Best, Sebastian

    • /blog Mike Shatzkin

      Website shops won’t make sense for big publishers. The job of harvesting consumers is going to require a multi-pronged strategy. An app would just be one weapon, but I think there are circumstances where it can be a very good one. Ultimately, it won’t matter whether the sale goes to iBookstore or not; they key for the publisher is just to get the sale made and to keep the reader involved with the family of content.

      Mike

  • stonetools

    The book publishers could do it in partnership with the Ibookstore,
    the way that magazine publishers are doing it in partnership with
    Apple’s forthcoming Newsstand app. Come to think of it, its not totally
    crazy to think that Apple might not have had something like this in mind
    when they announced their much maligned policy change!

    • /blog Mike Shatzkin

      If they did have it mind, you’d have thought they’d have said so. But maybe not. I certainly don’t know enough about the Apple mind to psychoanalyze it.
      Mike

  • Charles

    You really haven’t thought this through.

    All that’s happening here is that Apple is trying to take over the retail position from companies like Amazon, B&N and Kobo. And they’re trying to do it without offering the sort of sales relationship that publishers traditionally enjoy.

    Why on earth should a publisher increase their costs and support overhead by selling books through an app when they get the same amount by selling through a proper book retailer?

    This post simply doesn’t make any sense.

    • /blog Mike Shatzkin

      I think you should add the words “to me” to the last sentence.

      If there is yet another channel available to publishers at the same cost as the existing channels, it would be appealing. And, frankly, anything that dilutes the Amazon share is also appealing to most publishers.

      I’m always open to learning something new or getting an additional insight, as I hope the post made clear. However, I don’t think that whatever might be wrong with my logic has been pointed out to me yet.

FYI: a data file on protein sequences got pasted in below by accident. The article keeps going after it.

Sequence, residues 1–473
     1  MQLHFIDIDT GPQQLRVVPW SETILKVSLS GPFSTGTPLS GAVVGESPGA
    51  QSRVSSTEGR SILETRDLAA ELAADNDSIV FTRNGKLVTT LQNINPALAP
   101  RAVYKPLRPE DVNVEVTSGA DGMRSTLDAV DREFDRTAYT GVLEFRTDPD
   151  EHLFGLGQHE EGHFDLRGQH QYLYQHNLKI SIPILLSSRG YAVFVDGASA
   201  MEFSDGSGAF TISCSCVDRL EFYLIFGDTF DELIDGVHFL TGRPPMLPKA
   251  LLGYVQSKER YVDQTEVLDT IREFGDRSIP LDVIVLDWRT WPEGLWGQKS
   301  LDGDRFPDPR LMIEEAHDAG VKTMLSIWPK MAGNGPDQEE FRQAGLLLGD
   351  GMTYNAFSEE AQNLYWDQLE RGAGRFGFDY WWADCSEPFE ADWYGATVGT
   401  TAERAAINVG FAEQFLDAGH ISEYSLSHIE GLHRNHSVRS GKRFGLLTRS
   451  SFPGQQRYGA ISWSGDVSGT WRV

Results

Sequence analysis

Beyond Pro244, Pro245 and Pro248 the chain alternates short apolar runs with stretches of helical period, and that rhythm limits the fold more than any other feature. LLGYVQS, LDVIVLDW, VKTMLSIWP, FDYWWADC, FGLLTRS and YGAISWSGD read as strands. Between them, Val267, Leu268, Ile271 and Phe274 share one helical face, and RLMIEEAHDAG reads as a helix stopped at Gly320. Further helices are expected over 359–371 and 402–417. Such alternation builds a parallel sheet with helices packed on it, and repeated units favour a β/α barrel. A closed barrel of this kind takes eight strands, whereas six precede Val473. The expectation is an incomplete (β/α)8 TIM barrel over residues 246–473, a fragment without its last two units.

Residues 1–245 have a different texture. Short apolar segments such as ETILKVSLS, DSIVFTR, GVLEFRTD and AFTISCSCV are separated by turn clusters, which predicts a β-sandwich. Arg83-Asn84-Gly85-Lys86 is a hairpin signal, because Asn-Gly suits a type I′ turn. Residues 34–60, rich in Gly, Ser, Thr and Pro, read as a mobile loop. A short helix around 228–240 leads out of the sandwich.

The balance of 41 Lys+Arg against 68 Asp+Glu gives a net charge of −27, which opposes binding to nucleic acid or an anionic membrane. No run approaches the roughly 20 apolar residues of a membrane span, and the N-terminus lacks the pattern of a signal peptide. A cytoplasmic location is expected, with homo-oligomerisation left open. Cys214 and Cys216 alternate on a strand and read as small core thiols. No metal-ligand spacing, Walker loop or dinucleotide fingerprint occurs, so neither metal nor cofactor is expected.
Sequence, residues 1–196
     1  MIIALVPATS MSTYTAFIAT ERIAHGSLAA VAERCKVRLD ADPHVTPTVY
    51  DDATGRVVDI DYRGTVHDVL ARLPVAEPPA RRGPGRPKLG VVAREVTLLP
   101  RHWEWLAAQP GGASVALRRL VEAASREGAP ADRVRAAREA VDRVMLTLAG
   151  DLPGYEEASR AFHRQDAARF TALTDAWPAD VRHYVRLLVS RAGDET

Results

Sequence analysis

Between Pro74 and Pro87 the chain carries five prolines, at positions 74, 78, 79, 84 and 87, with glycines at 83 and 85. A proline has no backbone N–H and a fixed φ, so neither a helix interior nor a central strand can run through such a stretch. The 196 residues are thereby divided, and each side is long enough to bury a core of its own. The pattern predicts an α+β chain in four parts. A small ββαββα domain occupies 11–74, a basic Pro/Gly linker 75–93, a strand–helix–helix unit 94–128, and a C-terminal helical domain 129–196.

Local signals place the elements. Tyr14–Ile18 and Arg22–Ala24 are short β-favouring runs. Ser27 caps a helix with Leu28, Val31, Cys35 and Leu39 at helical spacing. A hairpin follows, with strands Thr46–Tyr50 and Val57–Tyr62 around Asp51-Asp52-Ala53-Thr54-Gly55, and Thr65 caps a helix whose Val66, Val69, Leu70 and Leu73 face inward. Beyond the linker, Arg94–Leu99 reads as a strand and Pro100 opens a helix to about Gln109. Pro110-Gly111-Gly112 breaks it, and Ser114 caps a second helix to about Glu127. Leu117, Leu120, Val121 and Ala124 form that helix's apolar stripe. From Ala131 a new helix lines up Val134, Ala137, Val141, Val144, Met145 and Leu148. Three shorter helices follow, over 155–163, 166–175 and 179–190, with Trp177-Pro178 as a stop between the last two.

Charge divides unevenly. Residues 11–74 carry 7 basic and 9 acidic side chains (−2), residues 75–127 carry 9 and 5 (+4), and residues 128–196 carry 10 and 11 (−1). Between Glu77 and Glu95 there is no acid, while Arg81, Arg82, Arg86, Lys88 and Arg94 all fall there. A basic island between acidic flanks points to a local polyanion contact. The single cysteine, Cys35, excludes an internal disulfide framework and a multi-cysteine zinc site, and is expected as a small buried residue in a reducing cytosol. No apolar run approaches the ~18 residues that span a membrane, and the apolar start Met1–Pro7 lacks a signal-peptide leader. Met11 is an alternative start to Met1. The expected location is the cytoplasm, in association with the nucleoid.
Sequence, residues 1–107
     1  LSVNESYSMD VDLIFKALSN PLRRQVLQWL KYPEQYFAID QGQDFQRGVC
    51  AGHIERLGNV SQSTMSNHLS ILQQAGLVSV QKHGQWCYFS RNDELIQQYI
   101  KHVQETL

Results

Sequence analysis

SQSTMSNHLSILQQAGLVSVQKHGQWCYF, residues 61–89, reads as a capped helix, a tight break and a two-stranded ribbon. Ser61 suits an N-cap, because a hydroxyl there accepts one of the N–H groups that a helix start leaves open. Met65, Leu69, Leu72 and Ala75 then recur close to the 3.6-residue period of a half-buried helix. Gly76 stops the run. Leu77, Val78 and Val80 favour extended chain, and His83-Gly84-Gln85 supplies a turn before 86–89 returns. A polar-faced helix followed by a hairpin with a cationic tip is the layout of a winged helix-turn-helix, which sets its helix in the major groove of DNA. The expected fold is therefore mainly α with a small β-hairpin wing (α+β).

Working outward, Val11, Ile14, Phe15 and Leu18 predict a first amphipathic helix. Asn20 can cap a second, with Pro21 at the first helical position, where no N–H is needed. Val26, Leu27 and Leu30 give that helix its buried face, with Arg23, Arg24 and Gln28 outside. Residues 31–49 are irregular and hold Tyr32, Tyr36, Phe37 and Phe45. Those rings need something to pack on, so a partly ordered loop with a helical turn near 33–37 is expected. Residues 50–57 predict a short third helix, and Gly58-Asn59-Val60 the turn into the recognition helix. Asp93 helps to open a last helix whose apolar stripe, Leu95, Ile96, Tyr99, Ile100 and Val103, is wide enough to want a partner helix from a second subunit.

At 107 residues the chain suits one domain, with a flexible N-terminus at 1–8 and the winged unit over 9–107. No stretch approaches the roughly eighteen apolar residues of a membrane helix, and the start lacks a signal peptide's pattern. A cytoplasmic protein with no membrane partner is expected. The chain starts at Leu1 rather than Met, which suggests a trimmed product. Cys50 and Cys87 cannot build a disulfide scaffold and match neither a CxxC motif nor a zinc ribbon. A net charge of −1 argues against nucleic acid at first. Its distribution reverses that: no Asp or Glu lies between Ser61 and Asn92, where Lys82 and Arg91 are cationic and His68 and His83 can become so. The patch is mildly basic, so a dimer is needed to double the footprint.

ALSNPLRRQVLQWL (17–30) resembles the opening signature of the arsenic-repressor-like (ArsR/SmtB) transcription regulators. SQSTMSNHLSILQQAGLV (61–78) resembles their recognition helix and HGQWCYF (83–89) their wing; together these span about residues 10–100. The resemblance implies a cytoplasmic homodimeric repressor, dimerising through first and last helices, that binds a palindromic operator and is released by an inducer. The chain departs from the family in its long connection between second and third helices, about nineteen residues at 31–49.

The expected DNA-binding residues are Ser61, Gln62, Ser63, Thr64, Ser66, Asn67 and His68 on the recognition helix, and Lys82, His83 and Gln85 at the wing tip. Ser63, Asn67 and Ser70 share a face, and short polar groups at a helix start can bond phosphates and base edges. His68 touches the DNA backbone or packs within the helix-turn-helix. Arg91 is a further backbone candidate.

Mike

  • Tonywlls

    “Agency is the term for
    “the publisher actually sells the ebooks to the consumer, not the retailer; the
    retailer gets a cut but cannot change the price from what the publisher has
    set.”

    Help me out here. Doesn’t
    Amazon offer self-published authors and indie publishers this same option via
    their Kindle Direct Publishing platform? In which case it seems to me they would not necessarily be “denying agency terms to everybody else” but the Big Six. Unless Amazon in its agreement with indie authors and presses reserves the right to change the list prices.  

    • /blog Mike Shatzkin

      You drove us to do a little research! Thanks.

      Under KDP, Amazon can change the price from what the publisher set and will pay based on the price actually charged if the publisher is working with the 70% royalty.

      Mike

  • Samantha Francis

    I think the reason publisher apps don’t make sense is that the branding isn’t there. Branding, in publishing, still rests at the author level (and sometimes at the series level). 

    I wrote a response to Eoin last week (link below) and I think it holds up. Readers aren’t loyal to publishers so they won’t look for books by publisher. They’ll still seek out a more complete listing.
    http://booknetcanada.ca/index.php?option=com_wordpress&p=2488&Itemid=319

    • /blog Mike Shatzkin

      Samantha, I wouldn’t try to do a HarperCollins (just picking them as a random Big Six example) app featuring all HC books. You’re right; it has to be more targeted than that. But Harper could do apps by author (to your point) or by genre that would work.

      Mike